If you get your business up to accessibility standards, you can tap into a sector with a spending power of £80b a year, says Carrie-Ann Lightley
The market for accessible tourism is a sizeable one. There are 11 million disabled people in the UK with a combined spending power of an estimated £80b a year. There are also 10 million people over 65 in the UK.
Since the Equality Act 2010 came into effect, it is no longer acceptable for a business to do nothing to make itself accessible to its customers. Being accessible is not about protection against the law, or even how to avoid problems, but an opportunity to raise standards.
Accessible and inclusive tourism is about making tourism possible for everyone – whether that’s the young, the old, a mum pushing a buggy, a wheelchair user, a visually or hearing impaired person, a carer or someone recovering from an accident or an illness.
The following is a step-by-step guide to becoming an inclusive and accessible business.
Write an access statement
An access statement is a clear and accurate statement that is, above all, an honest description of your current facilities and the services you offer. It enables a potential visitor to make an informed decision as to whether your business meets their particular access needs.
Do a self-assessment
A self-assessment is a useful starting point. Information can be found on the VisitEngland website about the National Accessible Scheme, as well as useful guidance about assessments so you are able to inform guests about what access is like at your establishment.
Get professional advice
An access audit, an assessment or an advisory visit will help you decide what adjustments you need to make.
A number of training courses are available, including VisitBritain’s Welcome All and a number of courses from People First and Tourism for All.
Create an action plan, covering planned changes to the physical environment and to your policies and practices, including information distribution. Detail the costs incurred and set a realistic timescale for the changes. Keep a record too, as this could be crucial if you were ever challenged over the reasonableness of your response to the Equality Act 2010.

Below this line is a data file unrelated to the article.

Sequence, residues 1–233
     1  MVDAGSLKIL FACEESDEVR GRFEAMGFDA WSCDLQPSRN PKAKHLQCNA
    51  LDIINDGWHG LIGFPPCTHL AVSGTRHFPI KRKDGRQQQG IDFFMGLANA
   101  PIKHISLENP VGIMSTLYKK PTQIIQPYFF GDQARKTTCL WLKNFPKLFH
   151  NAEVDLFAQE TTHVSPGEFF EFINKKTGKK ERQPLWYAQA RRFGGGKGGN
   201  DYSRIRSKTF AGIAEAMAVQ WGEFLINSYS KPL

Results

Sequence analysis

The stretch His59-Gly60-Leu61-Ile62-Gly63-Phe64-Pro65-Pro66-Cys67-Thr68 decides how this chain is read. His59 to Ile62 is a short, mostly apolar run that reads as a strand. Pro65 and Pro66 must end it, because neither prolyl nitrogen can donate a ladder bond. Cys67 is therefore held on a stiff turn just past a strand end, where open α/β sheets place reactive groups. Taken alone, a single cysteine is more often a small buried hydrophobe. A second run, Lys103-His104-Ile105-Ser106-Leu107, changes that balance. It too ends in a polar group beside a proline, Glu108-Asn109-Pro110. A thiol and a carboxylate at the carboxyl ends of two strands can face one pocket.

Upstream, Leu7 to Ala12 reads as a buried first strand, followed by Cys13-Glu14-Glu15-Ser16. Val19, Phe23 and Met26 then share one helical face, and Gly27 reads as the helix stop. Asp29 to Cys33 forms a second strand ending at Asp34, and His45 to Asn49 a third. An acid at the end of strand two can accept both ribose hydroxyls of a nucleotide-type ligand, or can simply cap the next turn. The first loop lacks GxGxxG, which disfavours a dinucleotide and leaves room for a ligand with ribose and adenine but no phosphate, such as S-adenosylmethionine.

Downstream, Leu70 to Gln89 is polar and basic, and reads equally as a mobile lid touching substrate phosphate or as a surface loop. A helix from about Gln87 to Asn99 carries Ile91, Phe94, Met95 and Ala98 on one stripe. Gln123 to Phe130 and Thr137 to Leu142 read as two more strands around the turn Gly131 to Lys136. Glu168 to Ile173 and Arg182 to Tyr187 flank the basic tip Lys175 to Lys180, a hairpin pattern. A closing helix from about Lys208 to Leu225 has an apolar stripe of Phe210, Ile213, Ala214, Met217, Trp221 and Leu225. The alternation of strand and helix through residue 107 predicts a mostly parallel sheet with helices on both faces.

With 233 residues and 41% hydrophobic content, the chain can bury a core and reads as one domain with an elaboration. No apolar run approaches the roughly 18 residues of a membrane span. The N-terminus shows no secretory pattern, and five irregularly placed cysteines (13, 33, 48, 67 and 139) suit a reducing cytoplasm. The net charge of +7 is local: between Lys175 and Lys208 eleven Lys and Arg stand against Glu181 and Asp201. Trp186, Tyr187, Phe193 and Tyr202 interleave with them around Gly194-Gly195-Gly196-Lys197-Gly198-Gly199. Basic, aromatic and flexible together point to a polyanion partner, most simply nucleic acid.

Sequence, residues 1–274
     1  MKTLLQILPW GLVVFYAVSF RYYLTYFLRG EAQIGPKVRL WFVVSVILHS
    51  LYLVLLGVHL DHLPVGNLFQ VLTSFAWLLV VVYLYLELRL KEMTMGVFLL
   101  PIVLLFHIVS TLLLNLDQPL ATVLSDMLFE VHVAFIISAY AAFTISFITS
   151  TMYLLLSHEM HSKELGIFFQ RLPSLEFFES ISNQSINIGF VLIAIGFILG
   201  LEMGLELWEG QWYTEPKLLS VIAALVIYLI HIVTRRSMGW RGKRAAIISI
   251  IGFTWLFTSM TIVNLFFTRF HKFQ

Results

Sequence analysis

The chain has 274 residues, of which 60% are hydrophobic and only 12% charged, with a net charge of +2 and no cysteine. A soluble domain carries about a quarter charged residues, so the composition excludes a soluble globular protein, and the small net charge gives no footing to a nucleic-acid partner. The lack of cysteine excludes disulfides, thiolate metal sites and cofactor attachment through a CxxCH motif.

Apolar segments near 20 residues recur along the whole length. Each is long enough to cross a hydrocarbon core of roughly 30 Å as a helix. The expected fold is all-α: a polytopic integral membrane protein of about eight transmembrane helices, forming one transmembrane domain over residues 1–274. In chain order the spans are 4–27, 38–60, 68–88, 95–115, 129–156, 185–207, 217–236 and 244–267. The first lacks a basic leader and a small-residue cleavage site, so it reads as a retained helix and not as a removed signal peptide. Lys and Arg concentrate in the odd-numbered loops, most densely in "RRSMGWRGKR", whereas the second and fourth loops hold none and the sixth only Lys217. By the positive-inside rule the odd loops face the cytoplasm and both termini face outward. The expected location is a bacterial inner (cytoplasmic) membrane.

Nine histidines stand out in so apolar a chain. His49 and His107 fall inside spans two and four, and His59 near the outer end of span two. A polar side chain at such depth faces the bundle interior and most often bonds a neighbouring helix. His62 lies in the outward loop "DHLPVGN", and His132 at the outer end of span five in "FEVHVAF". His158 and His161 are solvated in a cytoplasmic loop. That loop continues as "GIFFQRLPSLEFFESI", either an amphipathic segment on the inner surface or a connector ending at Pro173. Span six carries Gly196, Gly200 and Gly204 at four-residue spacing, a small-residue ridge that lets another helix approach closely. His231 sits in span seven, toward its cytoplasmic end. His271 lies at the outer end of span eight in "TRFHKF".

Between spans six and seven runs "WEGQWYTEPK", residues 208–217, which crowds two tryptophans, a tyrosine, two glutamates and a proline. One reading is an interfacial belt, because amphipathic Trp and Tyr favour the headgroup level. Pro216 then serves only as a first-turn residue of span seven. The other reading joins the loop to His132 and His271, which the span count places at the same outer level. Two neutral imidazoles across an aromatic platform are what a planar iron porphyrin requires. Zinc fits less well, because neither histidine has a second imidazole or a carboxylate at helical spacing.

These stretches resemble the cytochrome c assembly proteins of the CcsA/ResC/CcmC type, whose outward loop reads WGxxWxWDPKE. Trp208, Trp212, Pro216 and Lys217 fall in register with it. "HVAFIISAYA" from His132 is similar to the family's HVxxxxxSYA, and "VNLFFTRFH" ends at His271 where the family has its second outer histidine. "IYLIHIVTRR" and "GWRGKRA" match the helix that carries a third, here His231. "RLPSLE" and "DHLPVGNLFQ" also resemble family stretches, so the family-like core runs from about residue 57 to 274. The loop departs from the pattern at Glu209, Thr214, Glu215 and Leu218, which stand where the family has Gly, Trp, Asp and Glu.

Acquire an access standard
Once your plans are in place, you can apply for a grading in the National Accessible Scheme. The scheme has a rating system which can show would-be holidaymakers at a glance what accessible facilities to expect. Independent assessment means that there is a consistent standard, which is a useful way of giving a level of assurance to the customer.
Marketing your accessible business
Once you have spent time, effort and resources on improving your accessibility, make sure your potential guests know about it. Ensure your marketing materials and website are themselves accessible. You could also consider joining an organisation, such as Tourism for All and the National Accessible Scheme.
Employing disabled people can be a major help in gaining disability awareness in a business, as well as opening up new sources of recruitment.
Evaluate your efforts by getting feedback from your visitors. Make sure you keep a record of their comments and build their suggestions into the next phase of your action plan.
Carrie-Ann Lightley runs Tourism for All’s information service www.tourismforall.org.uk